Second, Taylor Shellfish has demonstrated that it has a protectable interest relating to the property that is the subject matter of this litigation. A party satisfies this test if “(1) it asserts an interest that is protected under some law, and (2) there is a ‘relationship’ between its legally protected interest and the plaintiff’s claims.” California ex rel. Lockyer v. United States, 450 F.3d 436, 441 (9th Cir. 2006) (quoting Donnelly v. Glickman, 159 F.3d 405, 409 (9th Cir. 1998) ). It is sufficient for a party to demonstrate that “it will suffer a practical impairment of its interests as a result of the pending litigation.” Wilderness Soc. v. U.S. Forest Serv., 630 F.3d 1173, 1180 (9th Cir. 2011) (quoting California ex rel. Lockyer, 450 F.3d at 441).

Taylor Shellfish controls over 2,300 acres of commercial shellfish beds in North Puget Sound. Dkt. #19-1 at ¶ 8. The Seattle District has already issued letters verifying that certain of its beds are authorized by NWP 48 and covered by the Programmatic Consultation. Id. at ¶ 10. Pre-Construction Notifications (“PCN”) requesting verification for the remaining beds are currently pending at the Seattle District. Id. at ¶¶ 9, 11. If Swinomish Tribe’s requested relief were granted, see Dkt. #1 at 29-30, Taylor Shellfish could be required to expend significant time and resources in obtaining individual Army Corps permits for all its operations, or to wait until another general permit became available. It could also be required to undergo individual ESA consultations for all its operations. Id. at ¶ 12.

Third, the Court’s disposition of this action may impede Taylor Shellfish’s ability to protect its interest. “If an absentee would be substantially affected in a practical sense by the determination made in an action, he should, as a general rule, be entitled to intervene.” Fed. R. Civ. P. 24 advisory committee’s note to 1966 amendment. If NWP 48 and the NMFS’s biological opinion pursuant to the Programmatic Consultation are vacated, as Swinomish Tribe has requested, Taylor Shellfish will be substantially affected. Dkt. #19 at 7-8. See Citizens for Balanced Use, 647 F.3d at 898 (finding that the applicant’s interest in conserving and enjoying wilderness could be impaired if the plaintiff succeeded in enjoining the enforcement of certain restrictions on motorized and mechanized vehicle use in the area).

Fourth, Taylor Shellfish’s interests may not be adequately represented by the existing defendants. “The burden of showing inadequacy of representation is “minimal,” and satisfied if the [party] can demonstrate that representation of its interests “may be” inadequate.” Citizens for Balanced Use, 647 F.3d at 898. (quoting Arakaki, 324 F.3d at 1086). The Court considers three factors: “(1) whether the interest of a present party is such that it will undoubtedly make all of a proposed intervenor’s arguments; (2) whether the present party is capable and willing to make such arguments; and (3) whether a proposed intervenor would offer any necessary elements to the proceeding that other parties would neglect.” Id. (quoting Arakaki, 324 F.3d at 1086). However, if the potential intervenor and an existing party share the same ultimate objective, a presumption of adequacy of representation arises. Citizens for Balanced Use, 647 F.3d at 898 (citing League of United Latin Am. Citizens v. Wilson, 131 F.3d 1297, 1305 (9th Cir. 1997) ). To rebut the presumption, an applicant must make a “compelling showing” of inadequacy of representation. Id. (quoting Arakaki, 324 F.3d at 1086).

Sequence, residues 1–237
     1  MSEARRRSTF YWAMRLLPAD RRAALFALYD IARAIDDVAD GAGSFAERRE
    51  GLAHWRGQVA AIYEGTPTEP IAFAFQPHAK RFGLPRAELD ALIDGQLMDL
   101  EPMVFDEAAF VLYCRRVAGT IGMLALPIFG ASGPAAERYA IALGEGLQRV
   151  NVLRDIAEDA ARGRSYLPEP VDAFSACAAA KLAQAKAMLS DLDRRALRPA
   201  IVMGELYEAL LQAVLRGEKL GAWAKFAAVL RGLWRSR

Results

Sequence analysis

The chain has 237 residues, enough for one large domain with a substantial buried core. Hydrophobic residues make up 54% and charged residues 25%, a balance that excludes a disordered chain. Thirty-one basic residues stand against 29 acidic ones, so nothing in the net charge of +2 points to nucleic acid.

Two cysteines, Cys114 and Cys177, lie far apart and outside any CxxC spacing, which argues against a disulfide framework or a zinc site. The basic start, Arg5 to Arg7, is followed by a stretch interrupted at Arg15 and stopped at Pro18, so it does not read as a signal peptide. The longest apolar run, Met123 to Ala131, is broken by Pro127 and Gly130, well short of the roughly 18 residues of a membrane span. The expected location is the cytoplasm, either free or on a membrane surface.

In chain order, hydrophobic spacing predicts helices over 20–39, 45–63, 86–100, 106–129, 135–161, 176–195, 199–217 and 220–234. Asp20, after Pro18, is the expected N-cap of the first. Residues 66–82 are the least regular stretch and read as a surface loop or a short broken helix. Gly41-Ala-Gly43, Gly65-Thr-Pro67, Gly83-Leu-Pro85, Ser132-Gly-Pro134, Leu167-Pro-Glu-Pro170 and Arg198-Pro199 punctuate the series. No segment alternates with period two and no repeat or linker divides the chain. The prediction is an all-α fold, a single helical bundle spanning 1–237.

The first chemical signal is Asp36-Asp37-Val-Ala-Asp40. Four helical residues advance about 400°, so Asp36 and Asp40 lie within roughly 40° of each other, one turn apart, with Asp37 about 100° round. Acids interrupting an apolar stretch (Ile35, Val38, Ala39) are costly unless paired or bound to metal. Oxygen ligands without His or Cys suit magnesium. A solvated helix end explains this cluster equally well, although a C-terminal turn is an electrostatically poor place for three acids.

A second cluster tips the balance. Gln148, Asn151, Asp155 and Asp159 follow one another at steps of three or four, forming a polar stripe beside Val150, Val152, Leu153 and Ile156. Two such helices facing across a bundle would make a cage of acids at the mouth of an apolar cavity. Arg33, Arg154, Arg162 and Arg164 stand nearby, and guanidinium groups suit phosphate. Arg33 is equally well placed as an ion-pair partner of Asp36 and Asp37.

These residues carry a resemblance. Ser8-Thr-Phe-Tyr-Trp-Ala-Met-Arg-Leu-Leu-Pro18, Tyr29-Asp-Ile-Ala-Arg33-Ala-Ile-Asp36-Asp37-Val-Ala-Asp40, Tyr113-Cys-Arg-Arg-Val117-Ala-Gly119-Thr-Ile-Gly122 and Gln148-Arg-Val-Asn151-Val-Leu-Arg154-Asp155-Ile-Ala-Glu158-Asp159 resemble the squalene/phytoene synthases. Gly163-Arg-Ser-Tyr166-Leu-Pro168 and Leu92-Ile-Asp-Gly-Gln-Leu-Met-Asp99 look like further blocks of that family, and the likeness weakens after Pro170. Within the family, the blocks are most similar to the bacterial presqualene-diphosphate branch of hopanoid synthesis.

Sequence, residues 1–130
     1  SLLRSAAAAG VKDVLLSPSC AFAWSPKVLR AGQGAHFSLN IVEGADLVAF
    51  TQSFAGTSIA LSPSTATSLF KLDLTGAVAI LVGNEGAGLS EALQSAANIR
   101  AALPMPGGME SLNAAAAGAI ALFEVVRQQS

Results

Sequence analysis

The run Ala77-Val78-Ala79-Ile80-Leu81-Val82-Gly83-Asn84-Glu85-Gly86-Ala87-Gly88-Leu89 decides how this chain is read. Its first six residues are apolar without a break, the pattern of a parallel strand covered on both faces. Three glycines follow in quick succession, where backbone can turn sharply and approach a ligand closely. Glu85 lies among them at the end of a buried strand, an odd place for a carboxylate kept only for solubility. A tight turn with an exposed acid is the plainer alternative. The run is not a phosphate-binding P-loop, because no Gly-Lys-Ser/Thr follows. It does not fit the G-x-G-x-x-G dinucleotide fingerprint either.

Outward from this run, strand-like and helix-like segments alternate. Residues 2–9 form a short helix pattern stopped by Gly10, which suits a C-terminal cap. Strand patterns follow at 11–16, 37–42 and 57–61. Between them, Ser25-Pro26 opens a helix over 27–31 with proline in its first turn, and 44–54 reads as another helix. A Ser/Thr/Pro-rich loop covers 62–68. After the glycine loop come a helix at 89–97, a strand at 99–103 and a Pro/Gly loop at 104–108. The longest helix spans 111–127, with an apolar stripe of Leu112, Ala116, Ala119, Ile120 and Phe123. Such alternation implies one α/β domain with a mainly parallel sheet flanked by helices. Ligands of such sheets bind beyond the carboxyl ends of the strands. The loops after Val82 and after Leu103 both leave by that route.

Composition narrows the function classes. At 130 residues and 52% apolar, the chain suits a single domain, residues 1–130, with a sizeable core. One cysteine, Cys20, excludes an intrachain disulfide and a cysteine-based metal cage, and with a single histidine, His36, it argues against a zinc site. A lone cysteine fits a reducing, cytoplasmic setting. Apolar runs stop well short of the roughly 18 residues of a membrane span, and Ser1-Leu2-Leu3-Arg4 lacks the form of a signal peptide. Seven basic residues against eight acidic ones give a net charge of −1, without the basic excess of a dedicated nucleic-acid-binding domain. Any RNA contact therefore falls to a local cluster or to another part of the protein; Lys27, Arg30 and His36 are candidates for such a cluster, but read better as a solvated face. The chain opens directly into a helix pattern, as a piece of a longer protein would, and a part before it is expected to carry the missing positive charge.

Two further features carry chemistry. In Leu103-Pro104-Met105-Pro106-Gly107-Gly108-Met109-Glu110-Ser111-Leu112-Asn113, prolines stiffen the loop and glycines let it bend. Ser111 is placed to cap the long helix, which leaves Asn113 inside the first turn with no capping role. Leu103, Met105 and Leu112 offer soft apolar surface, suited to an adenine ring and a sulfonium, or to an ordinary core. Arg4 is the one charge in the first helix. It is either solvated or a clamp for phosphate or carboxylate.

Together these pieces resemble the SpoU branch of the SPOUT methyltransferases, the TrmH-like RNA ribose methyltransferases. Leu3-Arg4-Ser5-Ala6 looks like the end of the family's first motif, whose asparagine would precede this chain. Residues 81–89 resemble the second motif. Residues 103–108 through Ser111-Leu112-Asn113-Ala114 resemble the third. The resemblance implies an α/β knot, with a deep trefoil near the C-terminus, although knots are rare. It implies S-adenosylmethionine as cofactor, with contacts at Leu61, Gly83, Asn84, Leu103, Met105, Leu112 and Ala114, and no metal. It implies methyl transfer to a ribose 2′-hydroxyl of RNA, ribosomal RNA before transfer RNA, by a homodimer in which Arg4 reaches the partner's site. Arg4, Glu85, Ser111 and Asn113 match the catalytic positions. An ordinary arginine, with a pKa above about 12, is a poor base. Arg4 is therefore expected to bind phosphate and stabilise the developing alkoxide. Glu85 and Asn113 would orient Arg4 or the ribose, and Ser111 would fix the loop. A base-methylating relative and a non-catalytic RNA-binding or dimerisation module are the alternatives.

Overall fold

It is possible that defendants will not make all the arguments that would be made by Taylor Shellfish, especially given the company’s extensive experience with shellfish aquaculture. Dkt. #19-1 at ¶¶ 3, 4. It is also possible that Taylor Shellfish’s private interests will not be adequately represented by defendants, who are all government agencies, and that they may not share the same ultimate objective. Dkt. #19 at 9. “Inadequate representation is most likely to be found when the applicant asserts a personal interest that does not belong to the general public.” Forest Conservation Council v. U.S. Forest Serv., 66 F.3d 1489, 1499 (9th Cir. 1995) (citation and internal quotation marks omitted), abrogated on other grounds by Wilderness Soc., 630 F.3d 1173).

For all the foregoing reasons, Taylor Shellfish’s motion to intervene is GRANTED.

All Citations
Slip Copy, 2019 WL 469842